I tell my LinkedIn workshop that at minimum they should be on LinkedIn four days a week. Their jaws drop. After pausing, I tell them that the optimum amount should be every day; yes, this includes Sunday. And I finish by telling them not to be like me.
Perhaps you should seek professional help.
5. Take too much or give too much
There are some people who just take and others who only give. Both attributes can be detrimental to your engagement. There are three major areas in which LinkedIn members take too much or give to much.
Recommendations: Takers will ask for recommendations but don’t think of returning the favor. When you look at the numbers of Received and Given, the numbers are extremely lopsided. It’s almost as bad to only give recommendations and not ask for them, as it looks like people don’t think highly enough about you.
Endorsements: Takers receive endorsements but don’t return the favor, whereas Givers will endorse their connections as soon as they connect. They’ll continue to click on others’ skills until the cows come home. But they won’t expect to be endorsed in return.
Long posts: Takers think that only their content matters in the eyes of their connections. They write multiple posts a week but don’t comment on what others write. Givers only comment on others’ content but don’t write their own. They are hesitant to write, thinking their expertise won’t be appreciated.
Not every LinkedIn user strikes an even balance. The next section talks about the takers, givers and the ones who share the wealth when it comes to engaging with the LinkedIn community.
6. Strike an equal balance
When I think about the people who strike an equal balance, I admire the humility my connections demonstrate when I’ve sent recommendations out of the blue to them. As well, my connections have sent me recommendations without my asking.
This is the way it should be. Will giving and graciously taking recommendations be 50/50? No, but the ones who strike an equal balance show a more balanced Received and Given ratio.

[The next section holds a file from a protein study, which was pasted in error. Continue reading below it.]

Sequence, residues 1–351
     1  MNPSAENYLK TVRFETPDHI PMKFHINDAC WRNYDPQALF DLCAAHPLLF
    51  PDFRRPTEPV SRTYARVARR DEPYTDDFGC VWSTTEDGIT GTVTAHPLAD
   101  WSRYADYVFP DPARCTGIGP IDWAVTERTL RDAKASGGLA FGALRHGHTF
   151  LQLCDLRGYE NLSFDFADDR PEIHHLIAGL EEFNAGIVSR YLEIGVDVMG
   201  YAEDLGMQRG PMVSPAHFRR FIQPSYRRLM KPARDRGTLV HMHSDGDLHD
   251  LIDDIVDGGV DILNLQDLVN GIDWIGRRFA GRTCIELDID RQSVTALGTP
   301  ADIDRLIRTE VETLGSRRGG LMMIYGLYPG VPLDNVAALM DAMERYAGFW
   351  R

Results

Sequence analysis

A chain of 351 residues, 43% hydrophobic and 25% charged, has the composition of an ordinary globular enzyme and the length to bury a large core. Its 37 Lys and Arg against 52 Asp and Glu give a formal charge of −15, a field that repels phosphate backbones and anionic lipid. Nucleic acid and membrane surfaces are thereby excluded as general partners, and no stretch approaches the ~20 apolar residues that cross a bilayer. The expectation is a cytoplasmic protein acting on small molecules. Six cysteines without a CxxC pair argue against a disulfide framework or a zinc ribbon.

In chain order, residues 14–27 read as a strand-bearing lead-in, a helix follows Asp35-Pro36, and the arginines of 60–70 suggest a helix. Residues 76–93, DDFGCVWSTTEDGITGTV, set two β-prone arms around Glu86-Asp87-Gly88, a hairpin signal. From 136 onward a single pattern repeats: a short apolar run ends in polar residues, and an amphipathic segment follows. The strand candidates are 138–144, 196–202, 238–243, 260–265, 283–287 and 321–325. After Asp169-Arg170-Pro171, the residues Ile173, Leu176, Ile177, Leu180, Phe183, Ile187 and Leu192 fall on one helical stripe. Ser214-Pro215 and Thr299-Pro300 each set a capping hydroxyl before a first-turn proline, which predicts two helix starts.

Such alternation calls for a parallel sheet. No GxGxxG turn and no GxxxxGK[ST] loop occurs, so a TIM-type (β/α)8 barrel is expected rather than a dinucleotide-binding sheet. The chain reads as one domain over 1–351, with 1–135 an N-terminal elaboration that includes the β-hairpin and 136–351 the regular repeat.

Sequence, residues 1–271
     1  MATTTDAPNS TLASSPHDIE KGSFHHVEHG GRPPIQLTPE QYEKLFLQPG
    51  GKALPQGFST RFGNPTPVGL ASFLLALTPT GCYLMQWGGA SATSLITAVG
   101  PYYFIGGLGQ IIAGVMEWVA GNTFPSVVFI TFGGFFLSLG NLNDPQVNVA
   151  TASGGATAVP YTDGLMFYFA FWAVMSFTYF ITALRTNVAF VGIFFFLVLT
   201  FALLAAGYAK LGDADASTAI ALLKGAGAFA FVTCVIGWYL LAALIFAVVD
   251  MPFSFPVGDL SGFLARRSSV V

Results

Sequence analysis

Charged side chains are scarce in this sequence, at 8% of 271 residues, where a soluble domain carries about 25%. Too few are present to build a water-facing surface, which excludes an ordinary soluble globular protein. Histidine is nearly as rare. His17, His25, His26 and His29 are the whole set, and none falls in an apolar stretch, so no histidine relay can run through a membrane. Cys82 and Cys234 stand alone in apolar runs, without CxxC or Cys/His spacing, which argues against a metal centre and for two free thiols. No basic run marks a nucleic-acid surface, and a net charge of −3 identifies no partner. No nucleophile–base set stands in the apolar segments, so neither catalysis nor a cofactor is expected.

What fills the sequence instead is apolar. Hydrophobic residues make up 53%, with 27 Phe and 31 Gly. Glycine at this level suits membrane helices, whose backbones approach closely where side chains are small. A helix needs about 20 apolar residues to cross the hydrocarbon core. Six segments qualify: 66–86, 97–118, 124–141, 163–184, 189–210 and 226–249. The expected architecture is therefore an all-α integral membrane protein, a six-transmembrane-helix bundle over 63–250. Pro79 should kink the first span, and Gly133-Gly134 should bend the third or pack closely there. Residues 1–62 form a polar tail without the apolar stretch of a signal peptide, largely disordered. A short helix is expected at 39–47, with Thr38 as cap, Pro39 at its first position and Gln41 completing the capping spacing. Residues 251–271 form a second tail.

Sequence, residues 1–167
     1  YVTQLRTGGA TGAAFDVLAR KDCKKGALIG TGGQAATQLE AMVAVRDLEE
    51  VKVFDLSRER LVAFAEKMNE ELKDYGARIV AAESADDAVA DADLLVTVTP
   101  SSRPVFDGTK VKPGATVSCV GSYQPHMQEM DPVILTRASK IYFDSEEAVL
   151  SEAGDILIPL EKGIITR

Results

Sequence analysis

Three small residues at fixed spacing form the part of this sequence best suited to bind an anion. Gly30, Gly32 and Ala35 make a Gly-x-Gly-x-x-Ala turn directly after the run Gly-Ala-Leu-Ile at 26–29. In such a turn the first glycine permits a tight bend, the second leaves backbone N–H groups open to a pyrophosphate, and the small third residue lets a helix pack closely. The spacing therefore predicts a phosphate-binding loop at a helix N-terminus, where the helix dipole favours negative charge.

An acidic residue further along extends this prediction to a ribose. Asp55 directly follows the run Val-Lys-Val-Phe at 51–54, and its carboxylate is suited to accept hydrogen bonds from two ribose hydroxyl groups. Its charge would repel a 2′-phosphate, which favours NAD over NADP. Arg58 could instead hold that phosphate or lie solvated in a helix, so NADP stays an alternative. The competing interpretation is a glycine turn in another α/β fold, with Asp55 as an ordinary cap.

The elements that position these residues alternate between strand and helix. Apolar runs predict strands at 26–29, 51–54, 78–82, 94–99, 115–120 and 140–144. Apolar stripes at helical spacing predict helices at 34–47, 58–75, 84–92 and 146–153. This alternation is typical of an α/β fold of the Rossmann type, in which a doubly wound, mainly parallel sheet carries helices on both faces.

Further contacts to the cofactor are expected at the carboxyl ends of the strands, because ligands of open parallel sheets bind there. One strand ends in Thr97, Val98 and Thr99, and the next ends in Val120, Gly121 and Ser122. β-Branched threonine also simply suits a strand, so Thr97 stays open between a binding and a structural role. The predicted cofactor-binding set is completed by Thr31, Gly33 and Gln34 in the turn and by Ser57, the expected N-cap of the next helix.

The same formula applies to endorsements. A golden rule of mine is that when someone endorses me, I send a quick personalized note thanking them for the endorsement/s and ask which skills they’d like to be endorsed for. This might shock the endorsers, but it only seems right to return the favor.
Another golden rule of mine applies to long posts. I believe in sharing long posts two or three times a week. When people comment on my posts, I do my best to interact with them. If they only react with a Like, Insightful, or Celebrate, that’s fine.
There are LinkedIn members who receive many comments on their posts because they comment on others’ posts. Their comments are sincere and fairly lengthy. Certain people come to mind because this is their policy.
Is striking an equal balance easy? No, it takes work. But the work you put in to strike an equal balance will be remembered by the people who truly matter.
The LinkedIn algorithm wants to see you participate in both manners. Comment on others’ posts and write your own.
Now that you’ve learned about the six types of LinkedIn contributors, which one are you? Are you barely on LinkedIn to the point where you shouldn’t bother or are you a LinkedIn addict like me. Or, do you strike a nice balance? I would love to hear your story, and I promise not to judge.
How could I judge?
If you want to learn more about LinkedIn, visit this compilation of LinkedIn posts.